As Shaun Harper stated, it is the individual's prerogative to silence themselves in the face of criticism of their own speech. The speaker's speech is not threatened by a group of people who don't want to hear what you have to say. Yes, it's true that these protesters want to deny the unpopular speaker their ability to speak on campus, which is anti-free speech, but we cannot let our disdain for close-mindedness cloud the fact that, short of violence or threats of violence, this is also a valid form of free speech.
Ms Kaminer's example regarding the students who wanted a "safe space" during the feminist debate regarding rape culture is another example of how our own disdain for the absurd might mislead us. The debate was not cancelled, nor were the debaters threatened, and although I might be of the opinion that these particular individuals are too sensitive and perhaps also anti-free speech, that doesn't mean they are a threat to the free speech as much as it means I think their positions are ridiculous.
The debate premise should have been reframed as something like "Campus culture is hostile to discussion of uncomfortable ideas".
Either way great debate, this is a difficult topic with a lot of nuance.
Shaun Harper's story about Damien is the worst story of racist conduct by a faculty member that I've heard of in a long career of university teaching. Which makes me wonder how relevant it is. Is it supposed to be representative of something? Indeed, one can reasonably wonder whether it happened.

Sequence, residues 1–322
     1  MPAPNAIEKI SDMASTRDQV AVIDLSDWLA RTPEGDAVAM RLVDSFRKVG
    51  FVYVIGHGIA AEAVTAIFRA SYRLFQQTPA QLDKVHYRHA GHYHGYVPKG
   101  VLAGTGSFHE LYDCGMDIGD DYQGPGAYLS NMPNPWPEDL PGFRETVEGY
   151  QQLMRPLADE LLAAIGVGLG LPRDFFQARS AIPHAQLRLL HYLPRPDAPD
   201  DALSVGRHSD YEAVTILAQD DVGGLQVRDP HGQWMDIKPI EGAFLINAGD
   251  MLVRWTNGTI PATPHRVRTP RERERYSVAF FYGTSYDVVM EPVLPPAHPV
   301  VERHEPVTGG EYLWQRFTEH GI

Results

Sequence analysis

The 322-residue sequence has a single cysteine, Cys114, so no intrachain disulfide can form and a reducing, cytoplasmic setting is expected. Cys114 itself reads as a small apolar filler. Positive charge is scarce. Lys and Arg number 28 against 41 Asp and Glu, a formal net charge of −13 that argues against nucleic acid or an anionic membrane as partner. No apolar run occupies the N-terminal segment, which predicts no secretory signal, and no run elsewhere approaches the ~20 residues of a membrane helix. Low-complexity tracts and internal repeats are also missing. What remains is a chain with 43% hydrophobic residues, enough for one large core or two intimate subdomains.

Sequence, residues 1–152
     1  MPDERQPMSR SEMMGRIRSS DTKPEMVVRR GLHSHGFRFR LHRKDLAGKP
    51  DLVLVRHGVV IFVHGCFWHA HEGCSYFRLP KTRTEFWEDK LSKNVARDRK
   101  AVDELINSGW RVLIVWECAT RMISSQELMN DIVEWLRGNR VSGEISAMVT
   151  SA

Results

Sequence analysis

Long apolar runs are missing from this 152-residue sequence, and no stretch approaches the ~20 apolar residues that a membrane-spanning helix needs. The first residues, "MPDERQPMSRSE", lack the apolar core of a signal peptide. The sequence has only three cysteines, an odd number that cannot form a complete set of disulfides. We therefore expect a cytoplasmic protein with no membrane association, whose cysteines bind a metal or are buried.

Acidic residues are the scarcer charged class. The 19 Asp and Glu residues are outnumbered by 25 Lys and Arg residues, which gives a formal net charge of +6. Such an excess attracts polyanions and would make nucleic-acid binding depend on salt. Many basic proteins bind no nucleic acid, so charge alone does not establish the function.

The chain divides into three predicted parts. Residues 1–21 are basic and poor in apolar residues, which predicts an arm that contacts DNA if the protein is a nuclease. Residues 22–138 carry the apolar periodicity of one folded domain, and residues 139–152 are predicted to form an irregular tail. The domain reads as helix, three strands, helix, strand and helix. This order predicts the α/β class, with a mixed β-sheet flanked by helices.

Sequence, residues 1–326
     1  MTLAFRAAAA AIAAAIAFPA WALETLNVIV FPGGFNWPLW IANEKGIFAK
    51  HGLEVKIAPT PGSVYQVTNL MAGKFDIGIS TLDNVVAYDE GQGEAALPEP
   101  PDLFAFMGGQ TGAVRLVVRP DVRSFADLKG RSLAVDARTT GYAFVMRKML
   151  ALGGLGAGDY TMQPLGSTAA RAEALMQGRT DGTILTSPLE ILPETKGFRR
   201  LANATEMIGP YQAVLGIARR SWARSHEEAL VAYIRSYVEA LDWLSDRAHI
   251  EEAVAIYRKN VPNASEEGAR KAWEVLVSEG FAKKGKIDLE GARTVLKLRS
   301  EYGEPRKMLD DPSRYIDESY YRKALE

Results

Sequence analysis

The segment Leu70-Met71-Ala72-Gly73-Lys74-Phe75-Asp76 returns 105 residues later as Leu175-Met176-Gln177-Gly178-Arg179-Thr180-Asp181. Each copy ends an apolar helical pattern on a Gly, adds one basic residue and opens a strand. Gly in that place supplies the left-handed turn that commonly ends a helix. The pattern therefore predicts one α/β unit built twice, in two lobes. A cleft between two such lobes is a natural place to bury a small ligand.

He said that “justice is complicated” and not so “black and white,” and that students need to be careful about what they call “micro aggressions” or racism, as even those accusations are open to debate.
The fact that the violent hostility against Israel wasn't even mentioned shows how deep the political correctness problem is. It is absolutely impossible to host speaker that doesn't direct deep hatred toward Israel on these campuses. Anti-semitism is far higher than any other bigotry. This is a real problem
Shaun Harper seems to think that any time a student of color tells a (presumably) white person that some remark seems racist (an adjective whose definition has changed enormously over the decades), that white person has a chance to learn. Really? Every person of color who takes exception to a remark or action/inaction is always right? That offended person will always be educating the offending party? That doesn't sound right. And notice how he made no mention of Jews, a very small minority group that is being more and more frequently attacked on campuses.
And there it is again: in Shaun Harper's closing statement, he talked about thousands of people of color, females, LGBT people telling him about offensive remarks made to them. Nothing about Jews. They don't exist....or maybe it's just that Shaun Harper and his like-minded people are OK with slurs and worse toward Jews. The one group it's still OK to slander and offend.
Shaun Harper argues that calling someone a racist or protesting against someone's coming to campus to lecture is itself evidence of free speech and represents an honest "invitation to engage in debate." I have never heard anything more facetious and absurd.